An enjoyable and perplexing moment from my new book ‘On the road to elephants’
My most special Kruger Park experience happened on the day when I was leaving.
“I’d already had a few adventures on this trip. First I got lost in the park after dark. And I had made myself quite sick with dehydration the day before I was leaving. So I departed late that last morning, to first make sure I wasn’t too dizzy to drive.
I was headed South through the park, to exit at the gate down below. And even though I had been told I wouldn’t see many elephants in that area of the park, I had the best sightings of the trip there.
Crossing a dried river bed, next to a dam wall, I observed a rather large elephant with big tusks in the distance, and decided to hang around for a bit.
And it was so worth it. Eventually that big guy came over to enjoy the shade of a big tree nearby. This was pretty much the biggest elephant I had seen so far, or ever. In a way that was an illusion because he was towering above me, because the road was built below that dam wall.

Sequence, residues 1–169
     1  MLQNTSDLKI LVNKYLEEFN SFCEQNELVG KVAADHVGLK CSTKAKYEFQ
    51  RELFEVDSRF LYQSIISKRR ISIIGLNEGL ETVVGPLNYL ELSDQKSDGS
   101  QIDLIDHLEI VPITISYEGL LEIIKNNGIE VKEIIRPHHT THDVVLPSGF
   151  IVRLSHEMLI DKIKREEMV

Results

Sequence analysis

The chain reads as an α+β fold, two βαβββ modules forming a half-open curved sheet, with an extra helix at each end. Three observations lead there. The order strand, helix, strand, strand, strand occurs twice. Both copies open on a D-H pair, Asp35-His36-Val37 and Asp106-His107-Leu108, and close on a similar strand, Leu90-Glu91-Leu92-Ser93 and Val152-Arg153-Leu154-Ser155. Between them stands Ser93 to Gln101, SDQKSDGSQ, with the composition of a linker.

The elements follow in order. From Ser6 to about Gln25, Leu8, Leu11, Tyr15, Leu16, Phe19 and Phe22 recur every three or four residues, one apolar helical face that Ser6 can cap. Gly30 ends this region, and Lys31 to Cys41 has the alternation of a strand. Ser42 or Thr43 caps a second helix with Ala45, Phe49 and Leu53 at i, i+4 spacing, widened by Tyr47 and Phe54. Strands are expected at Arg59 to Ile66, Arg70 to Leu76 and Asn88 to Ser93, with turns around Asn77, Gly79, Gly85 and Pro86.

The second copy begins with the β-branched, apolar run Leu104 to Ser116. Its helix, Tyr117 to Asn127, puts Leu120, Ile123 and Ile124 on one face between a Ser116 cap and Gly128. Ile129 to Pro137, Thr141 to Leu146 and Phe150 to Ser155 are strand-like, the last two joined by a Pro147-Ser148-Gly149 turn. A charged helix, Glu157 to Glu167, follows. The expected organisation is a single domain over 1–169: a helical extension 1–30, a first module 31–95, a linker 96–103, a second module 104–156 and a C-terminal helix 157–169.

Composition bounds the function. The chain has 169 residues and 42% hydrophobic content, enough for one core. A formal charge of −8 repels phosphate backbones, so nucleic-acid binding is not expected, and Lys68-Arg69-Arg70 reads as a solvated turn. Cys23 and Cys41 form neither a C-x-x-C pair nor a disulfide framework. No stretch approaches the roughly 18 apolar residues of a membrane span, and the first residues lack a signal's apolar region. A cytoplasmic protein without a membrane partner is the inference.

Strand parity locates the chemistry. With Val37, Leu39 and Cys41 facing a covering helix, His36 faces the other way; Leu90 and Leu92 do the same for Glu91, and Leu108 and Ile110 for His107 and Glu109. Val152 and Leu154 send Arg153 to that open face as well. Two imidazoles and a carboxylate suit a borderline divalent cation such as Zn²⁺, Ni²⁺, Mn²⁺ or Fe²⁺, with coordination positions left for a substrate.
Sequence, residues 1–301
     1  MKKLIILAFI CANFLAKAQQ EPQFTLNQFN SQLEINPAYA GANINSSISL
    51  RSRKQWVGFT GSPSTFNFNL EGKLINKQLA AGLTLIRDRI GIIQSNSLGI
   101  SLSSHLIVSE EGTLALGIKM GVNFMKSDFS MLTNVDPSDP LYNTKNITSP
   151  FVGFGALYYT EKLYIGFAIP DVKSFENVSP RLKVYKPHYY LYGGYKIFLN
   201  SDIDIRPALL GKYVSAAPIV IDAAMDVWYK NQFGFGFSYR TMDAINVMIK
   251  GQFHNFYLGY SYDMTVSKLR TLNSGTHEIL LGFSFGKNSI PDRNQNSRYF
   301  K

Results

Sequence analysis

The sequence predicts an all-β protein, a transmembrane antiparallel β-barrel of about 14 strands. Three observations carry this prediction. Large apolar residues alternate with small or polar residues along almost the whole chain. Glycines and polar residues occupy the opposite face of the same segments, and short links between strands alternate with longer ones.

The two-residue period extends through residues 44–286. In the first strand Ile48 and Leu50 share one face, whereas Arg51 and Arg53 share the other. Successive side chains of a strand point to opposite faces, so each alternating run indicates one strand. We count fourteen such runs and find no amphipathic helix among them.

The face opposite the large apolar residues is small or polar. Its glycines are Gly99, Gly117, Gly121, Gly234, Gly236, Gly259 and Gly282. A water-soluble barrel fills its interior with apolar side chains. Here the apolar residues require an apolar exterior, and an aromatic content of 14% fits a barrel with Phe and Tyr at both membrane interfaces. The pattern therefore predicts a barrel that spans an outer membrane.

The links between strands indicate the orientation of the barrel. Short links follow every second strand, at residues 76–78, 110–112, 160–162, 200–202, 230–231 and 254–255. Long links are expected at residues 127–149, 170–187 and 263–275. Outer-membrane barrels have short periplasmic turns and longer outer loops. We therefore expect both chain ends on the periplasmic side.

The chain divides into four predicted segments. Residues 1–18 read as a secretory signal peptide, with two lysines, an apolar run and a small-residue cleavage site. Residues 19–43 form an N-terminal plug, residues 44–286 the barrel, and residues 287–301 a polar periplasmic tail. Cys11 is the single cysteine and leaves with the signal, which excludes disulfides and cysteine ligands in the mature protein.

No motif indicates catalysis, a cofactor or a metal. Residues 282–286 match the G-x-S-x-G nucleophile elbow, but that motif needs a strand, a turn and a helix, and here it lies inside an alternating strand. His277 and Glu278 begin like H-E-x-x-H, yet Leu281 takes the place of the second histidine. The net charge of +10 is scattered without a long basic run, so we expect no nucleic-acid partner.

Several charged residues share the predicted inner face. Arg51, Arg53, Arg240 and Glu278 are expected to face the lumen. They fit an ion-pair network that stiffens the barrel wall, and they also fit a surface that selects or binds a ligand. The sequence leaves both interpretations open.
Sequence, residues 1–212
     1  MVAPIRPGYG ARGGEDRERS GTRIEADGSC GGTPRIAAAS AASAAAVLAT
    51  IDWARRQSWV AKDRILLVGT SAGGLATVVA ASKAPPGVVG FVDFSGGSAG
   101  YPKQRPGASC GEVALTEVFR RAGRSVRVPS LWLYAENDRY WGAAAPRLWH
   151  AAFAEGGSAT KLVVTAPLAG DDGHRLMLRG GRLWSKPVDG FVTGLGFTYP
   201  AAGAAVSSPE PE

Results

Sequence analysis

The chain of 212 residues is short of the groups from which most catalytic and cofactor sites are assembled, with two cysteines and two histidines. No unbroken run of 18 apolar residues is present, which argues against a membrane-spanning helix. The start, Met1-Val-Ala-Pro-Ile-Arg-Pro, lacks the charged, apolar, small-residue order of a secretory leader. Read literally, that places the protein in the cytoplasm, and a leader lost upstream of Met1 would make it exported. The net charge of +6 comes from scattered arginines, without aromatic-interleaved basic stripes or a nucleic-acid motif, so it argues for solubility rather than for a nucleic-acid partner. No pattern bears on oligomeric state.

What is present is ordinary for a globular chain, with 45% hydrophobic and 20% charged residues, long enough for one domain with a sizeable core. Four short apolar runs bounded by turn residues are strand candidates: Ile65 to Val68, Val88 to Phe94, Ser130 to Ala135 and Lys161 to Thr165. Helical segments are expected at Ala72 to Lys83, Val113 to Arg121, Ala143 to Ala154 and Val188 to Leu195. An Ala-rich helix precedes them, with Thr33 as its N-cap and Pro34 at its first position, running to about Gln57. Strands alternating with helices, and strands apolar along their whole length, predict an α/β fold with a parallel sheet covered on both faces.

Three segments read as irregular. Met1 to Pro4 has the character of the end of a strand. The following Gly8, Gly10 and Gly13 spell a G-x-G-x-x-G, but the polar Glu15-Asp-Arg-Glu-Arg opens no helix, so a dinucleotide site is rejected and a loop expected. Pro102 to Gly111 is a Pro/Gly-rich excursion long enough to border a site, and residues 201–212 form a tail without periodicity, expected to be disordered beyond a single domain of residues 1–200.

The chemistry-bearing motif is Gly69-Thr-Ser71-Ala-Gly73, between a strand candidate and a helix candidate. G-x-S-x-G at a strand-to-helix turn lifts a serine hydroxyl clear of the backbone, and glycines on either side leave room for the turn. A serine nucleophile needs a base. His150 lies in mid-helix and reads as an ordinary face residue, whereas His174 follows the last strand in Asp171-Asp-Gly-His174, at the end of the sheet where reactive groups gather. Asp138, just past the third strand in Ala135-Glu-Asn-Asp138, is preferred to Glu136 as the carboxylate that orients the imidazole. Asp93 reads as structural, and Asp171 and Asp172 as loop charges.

Me and the big elephant had a nice eye to eye right there. He was calm, but yes, a giant. So I think I trembled a bit inside. With my car parked just below him, the elephant, if angered, probably would have just needed to take one big leap to step on me. So here I did not plan to stay long.
But then another, more normally-sized elephant came walking across the plains. And it was doing something curious. It was using its trunk like a snorkel in the air – skilfully waving it about in a controlled way, a bit like an Indian dancer does with her arms. What was it doing? I had not seen this behaviour before.
It turns out that it was sniffing us, me and the big elephant. And it was headed our way. First, I thought for sure that it was signalling to the other elephant, making some kind of communication. By now he was standing very close to me, on the dam wall just above me. And he was signalling to me too!
What on earth, I thought. I was so excited, flabbergasted (and probably a little scared) that I accidentally caught part of the inside of my car roof in the frame, when I pointed my camera towards him.
Then I realized that he was actually smelling me! He was apparently very curious. Taking pictures, my car window was of course open, and the elephant was downwind from me. I felt a little guilty, as I realized I might be smelling of the Impala meat I had tasted at the lodge where I was staying the night before. How barbaric, he might have thought. Elephants are herbivores. …”
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